PUCK’s Thoughts on Theater and Education

Puck picture for essay by Theo Taplitz (age 11)

“What, a play toward! I’ll be an auditor;
An actor too perhaps, if I see cause.”

My Thoughts
On Theater and Education

By “Puck” (aka Theo Taplitz, age 11)


Standing behind the curtain, I could hear the sounds of the audience coming in.  Friends, family, random strangers, all the people who had taken the time to come out to support our school play, The Lion, The Witch and The Wardrobe.  I was in second grade and this was my first time on stage in a real production.  I was playing Animal Number 2 (a fruit bat) and I was wearing a costume I had drawn and designed myself.  Around me were all my fellow actors, kids I hadn’t known before I started doing this play – but now we were a team.  We were all in this together.  That night, I changed from being a shy kid who never spoke up and felt pretty much invisible most of the time, to a boy who was confident in himself and in his world.  That was also the night I began to understand how much theater has to offer, not just to me but to all kids.  Through drama we learn how to connect to ourselves and to each other.  Theater Arts teaches us how to go after what we want.  It also teaches teamwork and ways to understand people who at first seem very different from us.  Finally (and this should make all you teachers and parents very happy) theater actually makes you smarter!  For all these reasons, I believe that Theater Arts should be a part of all kids’ educations.
One of the most valuable things theater teaches is communication.  This isn’t just important for school, it’s also an important life skill.  Us kids do this a lot through Facebook, Texting and Twitter, but what we lose track of sometimes is how to talk to each other and express our ideas face to face.  Theater Arts builds this skill and gives us more confidence to express ourselves, explore our feelings, and take risks on stage.  In acting we always have to be aware of who we are in a scene, what our relationships are to the characters around us, and how we can make the audience understand all that – in other words, communicating.  Because drama is performed for an audience, it also trains us to be less scared about speaking in public and also how to be more convincing.
Theater Arts also teaches us how to go after what we want in life.  In a scene you always have to think about your objectives.  What do you want?  What do you need?  How are you going to get it?  You have to have a strong sense of your objectives to make your acting strong.  Thinking about our characters’ objectives also helps us learn to think about our goals in real life and the different ways we might go after them.
Some people might think that Theater Arts is all “Me, me, me, me, me, me, me”. But actually that’s totally wrong.  Any play is only as good as the entire team that is putting it up – actors, director, producer, set designer, costume designer, lighting designer, music director, make-up artist – the list goes on and on.  Each one of those people need to think about their relationship with all the other people in the show and how they can all support each other to make the best play possible.  For example, one day I had pink eye, and I was acting in a play that was opening that Friday. Since I had pink eye I couldn’t go to rehearsal because that could make everyone else sick which would not be good at all.  But I couldn’t just sit around and feel sorry for myself.  Everyone in the play was counting on me, so I had to find a way to get better, keep practicing and stay on top of what was happening at rehearsals when I wasn’t there so we could still have an awesome opening night.  Think of it like a table, if you take away one leg, suddenly the whole table falls.  It’s the same with a play, everyone involved needs to support each other or the play will fail. It takes time for a play to be perfect but everyone has to contribute so it can get there.  This ability to work together not only helps us on stage but also in life.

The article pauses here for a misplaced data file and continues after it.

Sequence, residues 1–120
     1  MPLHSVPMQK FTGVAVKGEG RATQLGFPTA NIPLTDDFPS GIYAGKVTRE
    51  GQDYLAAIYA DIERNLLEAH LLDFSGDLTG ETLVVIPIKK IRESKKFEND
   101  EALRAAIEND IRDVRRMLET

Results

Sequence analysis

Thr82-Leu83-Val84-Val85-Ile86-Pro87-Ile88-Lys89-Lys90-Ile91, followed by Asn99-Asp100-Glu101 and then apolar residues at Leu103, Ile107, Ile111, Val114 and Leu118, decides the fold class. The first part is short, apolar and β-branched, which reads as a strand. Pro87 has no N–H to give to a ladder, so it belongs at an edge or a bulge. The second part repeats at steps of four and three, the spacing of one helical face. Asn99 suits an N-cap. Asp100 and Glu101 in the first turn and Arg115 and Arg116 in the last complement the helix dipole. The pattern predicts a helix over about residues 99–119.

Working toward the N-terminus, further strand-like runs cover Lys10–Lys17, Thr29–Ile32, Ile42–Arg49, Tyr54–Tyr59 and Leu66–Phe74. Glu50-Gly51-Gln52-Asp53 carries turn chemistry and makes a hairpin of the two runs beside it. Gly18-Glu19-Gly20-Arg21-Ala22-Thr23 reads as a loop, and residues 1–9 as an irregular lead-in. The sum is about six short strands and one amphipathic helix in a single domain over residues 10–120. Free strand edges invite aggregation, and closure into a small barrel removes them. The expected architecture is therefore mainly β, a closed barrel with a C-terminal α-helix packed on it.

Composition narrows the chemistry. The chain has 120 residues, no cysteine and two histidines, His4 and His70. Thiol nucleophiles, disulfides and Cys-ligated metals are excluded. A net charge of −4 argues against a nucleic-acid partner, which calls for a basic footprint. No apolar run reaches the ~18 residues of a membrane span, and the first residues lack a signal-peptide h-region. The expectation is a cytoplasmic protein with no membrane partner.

Theater Arts doesn’t just teach kids how to work together as a team, it also teaches us how to understand people who might at first seem very different from us.  Acting is all about putting yourself in someone else’s shoes.  But to do that well, you have to find something that is similar between yourself and whatever character you are playing – even if that character is a crazy, six-eyed space alien.  You must see things the way your character sees them and feel things how your character would feel.  This does not mean that you need to agree with your character, but you do need to understand him or her.  Being able to understand the way people think and why they do the things they do doesn’t just help you be a better actor, it also helps you have a better understanding of all the different kinds of people around you.
But maybe the best news about theatre arts for schools is that it actually makes you smarter!  It’s one thing to read Shakespeare’s Midsummer Night’s Dream, but memorizing and speaking Puck’s lines and preparing to perform this role in the play has made my understanding go so much deeper.   And I know now I will remember this play for much longer than I would remember it if I just read it in a class.  Maybe even forever.  And there has actually even been research that shows that the arts can actually change your brain to be smarter!
There is an old Chinese proverb that says:  “Tell me and I will forget. Show me and I will remember.  Involve me and I will understand.”  Theater is all about being involved.  And isn’t that what parents and educators want for their children?  Through theater, I have become a stronger speaker, a more sympathetic and understanding person, a better team player, and a smarter student, which is why I believe with all my heart, that Theater Arts should be a part of all kids’ education.